For years, BDH has struggled to define itself. Is it a national agency that happens to be based in the North-West or one that must rely mainly on local business while hoping to plunder the occasional national account? With cash-strapped London shops prepared to scrap for even modest-sized accounts, these positions become harder to reconcile. Many regional agencies suffer similar dilemmas.
Of course, it would be wrong to portray London as an oasis of creativity surrounded by desert. As the feature on page 26 shows, the best regional agencies can produce innovative work that any rival in the capital would be happy to put its name to. The problem is that work of this standard is more the exception than the rule. The judges of the Fresh Awards, which honour creativity in the regions, know that you have to wade through a lot of dross to find the gold.
True, regional shops do have seductive offerings for certain clients. Lower overheads mean they can deliver more for less and take on assignments that would be uneconomic for most of their London counterparts. Moreover, many have never lost their ability as all-rounders as those in the capital did when they shifted their emphasis above the line.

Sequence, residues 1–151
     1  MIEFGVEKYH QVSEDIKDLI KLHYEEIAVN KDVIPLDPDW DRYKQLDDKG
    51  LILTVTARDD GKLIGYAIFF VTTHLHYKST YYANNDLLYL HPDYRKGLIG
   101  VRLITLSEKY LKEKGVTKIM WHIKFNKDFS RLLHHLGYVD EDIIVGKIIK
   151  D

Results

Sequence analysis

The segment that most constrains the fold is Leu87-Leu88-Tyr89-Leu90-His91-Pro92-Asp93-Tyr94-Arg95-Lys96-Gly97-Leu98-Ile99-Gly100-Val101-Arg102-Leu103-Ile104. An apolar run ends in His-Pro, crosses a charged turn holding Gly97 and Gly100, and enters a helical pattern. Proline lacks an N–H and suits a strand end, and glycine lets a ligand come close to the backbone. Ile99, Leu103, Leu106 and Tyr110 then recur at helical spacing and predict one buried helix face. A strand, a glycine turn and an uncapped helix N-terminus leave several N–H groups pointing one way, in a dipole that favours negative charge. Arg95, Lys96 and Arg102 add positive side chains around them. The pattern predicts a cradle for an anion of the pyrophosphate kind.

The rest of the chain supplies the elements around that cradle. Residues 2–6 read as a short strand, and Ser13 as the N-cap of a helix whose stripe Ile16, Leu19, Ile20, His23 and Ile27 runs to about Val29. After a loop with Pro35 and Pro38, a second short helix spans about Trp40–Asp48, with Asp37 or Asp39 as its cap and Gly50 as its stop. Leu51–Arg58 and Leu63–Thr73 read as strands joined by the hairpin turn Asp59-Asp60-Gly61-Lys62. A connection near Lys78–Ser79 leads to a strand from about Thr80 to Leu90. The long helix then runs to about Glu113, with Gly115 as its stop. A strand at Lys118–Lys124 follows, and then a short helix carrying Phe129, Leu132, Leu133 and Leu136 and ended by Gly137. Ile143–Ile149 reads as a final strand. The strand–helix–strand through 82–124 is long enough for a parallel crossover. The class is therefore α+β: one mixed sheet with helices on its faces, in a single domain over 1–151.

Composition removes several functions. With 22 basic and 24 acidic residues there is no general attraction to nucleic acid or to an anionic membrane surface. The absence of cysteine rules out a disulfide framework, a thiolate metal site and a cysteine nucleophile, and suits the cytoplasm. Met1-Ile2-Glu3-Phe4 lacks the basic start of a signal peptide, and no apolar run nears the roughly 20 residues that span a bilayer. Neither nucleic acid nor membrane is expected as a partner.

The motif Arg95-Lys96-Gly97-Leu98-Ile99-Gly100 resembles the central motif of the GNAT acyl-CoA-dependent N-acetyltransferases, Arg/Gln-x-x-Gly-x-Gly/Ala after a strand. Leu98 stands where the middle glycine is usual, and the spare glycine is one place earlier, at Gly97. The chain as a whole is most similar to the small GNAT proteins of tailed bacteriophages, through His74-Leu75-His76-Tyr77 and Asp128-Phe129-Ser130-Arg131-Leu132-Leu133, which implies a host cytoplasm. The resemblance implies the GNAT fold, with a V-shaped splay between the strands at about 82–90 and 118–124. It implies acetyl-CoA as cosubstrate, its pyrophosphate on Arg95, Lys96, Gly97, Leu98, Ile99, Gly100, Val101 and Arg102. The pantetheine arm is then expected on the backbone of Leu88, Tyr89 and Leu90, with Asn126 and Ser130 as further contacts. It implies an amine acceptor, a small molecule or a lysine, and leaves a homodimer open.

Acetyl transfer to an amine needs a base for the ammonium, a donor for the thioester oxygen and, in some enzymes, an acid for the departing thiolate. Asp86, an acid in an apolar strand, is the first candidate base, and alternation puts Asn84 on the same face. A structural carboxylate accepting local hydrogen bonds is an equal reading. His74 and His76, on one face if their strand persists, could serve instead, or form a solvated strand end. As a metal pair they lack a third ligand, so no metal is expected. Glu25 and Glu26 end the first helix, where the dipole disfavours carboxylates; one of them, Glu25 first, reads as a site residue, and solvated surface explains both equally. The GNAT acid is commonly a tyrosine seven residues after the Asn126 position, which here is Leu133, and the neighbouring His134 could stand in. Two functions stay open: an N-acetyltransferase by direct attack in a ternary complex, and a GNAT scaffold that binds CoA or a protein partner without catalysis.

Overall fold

Nevertheless, the lure of London is overwhelming for most big clients, particularly those with a big strategic problem to resolve. Even Morrison's, which has shown astonishing loyalty to Northern agencies, chose Delaney Lund Knox Warren & Partners ahead of the incumbent, BDH, to take its £37 million account to the next level.
The fact is that London agencies provide clients with a comfort blanket. Whether that blanket is real or illusory is an open question. But it continues to make it hard to attract national prospects if you are outside the M25.